Whose Side Are You On?

Ah, Narnia. The magical world that has enchanted readers for generations, led thousands of children to reach vainly for the backs of their wardrobes, and had me hunched over listening over and over again to the audiobook until the tapes went squeaky and unravelled and had to be rewound with a pencil.

The Lion, the Witch and the Wardrobe is a tale of adventure and friendship and good versus evil. We see within it a very real representation of this struggle on the battlefield. Yet at its most basic level it remains a children’s story whose characters are painted pretty black and white. The distinctions between good and bad, wise and foolish are made very clear. Those who align themselves with evil do not fare well, while those who follow the good are duly honoured.

But what is it that defines this standard?


In this parallel world of talking animals and spells on the seasons, characters are good or bad depending on their ultimate response to the Lion. We find we can trust those who are on Aslan’s side even without knowing them.

The moment when the four children first hear of Aslan from the Beavers is striking as a picture (albeit an incomplete one) of the spectrum of faith, as they each react with a sense of horror, bravery, pleasure, or excitement.

Edmund has a somewhat shaky start as a traitor who has to be rescued and brought back to Aslan’s camp, his trespass paid for with the Lion’s own life. However, despite going astray, Edmund is aware of his errors even as he makes them. He lives sacrificially once he has been rescued by another’s sacrifice, and becomes a fierce fighter for what he knows is right. It is a joy to see him help others to respond to Aslan in turn, including his obstinate cousin Eustace in The Voyage of the Dawn Treader.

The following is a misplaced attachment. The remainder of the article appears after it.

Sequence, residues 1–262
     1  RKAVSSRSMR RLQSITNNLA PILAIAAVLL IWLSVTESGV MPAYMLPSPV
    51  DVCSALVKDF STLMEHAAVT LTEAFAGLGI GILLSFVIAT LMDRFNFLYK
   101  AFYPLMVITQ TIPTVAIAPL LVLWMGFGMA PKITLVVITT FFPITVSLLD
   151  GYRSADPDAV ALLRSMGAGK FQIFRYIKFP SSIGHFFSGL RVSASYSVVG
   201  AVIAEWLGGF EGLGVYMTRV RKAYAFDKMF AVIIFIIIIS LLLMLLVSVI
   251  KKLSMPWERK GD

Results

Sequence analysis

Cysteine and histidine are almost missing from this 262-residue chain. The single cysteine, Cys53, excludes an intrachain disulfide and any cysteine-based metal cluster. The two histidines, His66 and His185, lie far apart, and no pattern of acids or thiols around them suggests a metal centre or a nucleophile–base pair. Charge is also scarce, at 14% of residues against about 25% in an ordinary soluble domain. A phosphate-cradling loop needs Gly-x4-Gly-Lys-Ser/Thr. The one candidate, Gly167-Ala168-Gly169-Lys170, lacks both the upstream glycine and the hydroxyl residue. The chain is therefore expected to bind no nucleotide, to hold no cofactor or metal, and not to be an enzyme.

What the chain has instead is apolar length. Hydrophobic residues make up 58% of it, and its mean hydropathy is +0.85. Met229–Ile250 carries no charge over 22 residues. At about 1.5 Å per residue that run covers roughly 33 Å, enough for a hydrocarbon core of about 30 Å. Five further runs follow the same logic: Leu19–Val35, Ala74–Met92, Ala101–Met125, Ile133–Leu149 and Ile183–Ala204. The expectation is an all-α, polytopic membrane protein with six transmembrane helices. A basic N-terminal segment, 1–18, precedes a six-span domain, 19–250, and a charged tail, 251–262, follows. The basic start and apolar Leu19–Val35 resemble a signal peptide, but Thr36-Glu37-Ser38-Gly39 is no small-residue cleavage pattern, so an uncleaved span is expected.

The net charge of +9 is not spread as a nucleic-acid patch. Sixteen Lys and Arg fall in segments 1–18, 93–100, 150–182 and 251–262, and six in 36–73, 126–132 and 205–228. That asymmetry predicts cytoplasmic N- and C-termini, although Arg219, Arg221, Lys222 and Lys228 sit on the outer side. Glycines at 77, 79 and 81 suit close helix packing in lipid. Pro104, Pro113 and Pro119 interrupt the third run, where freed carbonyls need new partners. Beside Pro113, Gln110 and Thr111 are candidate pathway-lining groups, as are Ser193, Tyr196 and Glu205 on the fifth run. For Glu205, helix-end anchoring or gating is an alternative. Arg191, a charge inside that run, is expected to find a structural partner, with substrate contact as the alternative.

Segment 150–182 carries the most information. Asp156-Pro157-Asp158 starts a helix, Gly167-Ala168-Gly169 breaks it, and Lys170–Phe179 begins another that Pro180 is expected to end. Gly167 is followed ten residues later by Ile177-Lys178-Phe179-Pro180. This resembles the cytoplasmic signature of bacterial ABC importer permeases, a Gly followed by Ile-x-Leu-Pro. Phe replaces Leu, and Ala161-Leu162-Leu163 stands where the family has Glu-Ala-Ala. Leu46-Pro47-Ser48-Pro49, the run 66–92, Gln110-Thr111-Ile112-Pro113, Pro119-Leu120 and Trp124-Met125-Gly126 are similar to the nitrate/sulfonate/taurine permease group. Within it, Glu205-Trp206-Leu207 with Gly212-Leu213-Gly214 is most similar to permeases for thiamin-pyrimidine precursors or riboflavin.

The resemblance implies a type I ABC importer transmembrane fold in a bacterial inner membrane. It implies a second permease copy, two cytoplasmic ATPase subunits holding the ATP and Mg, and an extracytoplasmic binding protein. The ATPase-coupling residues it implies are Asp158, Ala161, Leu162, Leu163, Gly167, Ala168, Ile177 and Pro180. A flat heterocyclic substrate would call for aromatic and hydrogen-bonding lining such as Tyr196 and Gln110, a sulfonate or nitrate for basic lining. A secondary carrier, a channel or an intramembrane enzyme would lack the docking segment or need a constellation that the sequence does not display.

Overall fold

Peter, as the eldest, matures as the warrior, keen to bravely fight for the good. Susan meanwhile is always the more cautious and rational sibling. If we follow the story through the whole series, we see how Susan’s outlook becomes increasingly cynical and superior, and her interest in things of this world takes over.

Of all the characters, I think that in entering this world we are invited to put ourselves in Lucy’s shoes, as the first one to explore the magical place within the wardrobe. Lucy’s attitude to this new world and all she meets is one of childlike simplicity; her choices seem clear and she swiftly embraces Narnia and all its delights. She makes friends with a fawn, and once he is captured by the evil Witch she does all in her power to help him. Most of all, her joyful and trusting response to Aslan is one to be imitated.

But what of this Lion? He is the great king of Narnia, the one to be loved and feared, who is good, but not necessarily safe! It is surely significant that almost the very first thing we witness of this Lion is his lovingly and sacrificially buying back a traitor.

We see that a right response to Aslan is characterised by more than acknowledging his power. The Witch knows of him and his power, but she refuses to submit and sets herself in opposition to him as queen of the land. Yet for the many gathered around Aslan, his will is enough for them to leap into battle on his behalf, to win back Narnia from the Witch’s clutches.

It seems clear that when it comes to facing Aslan, there is not the option to sit on the fence. There is a battle going on, and people must pick a side.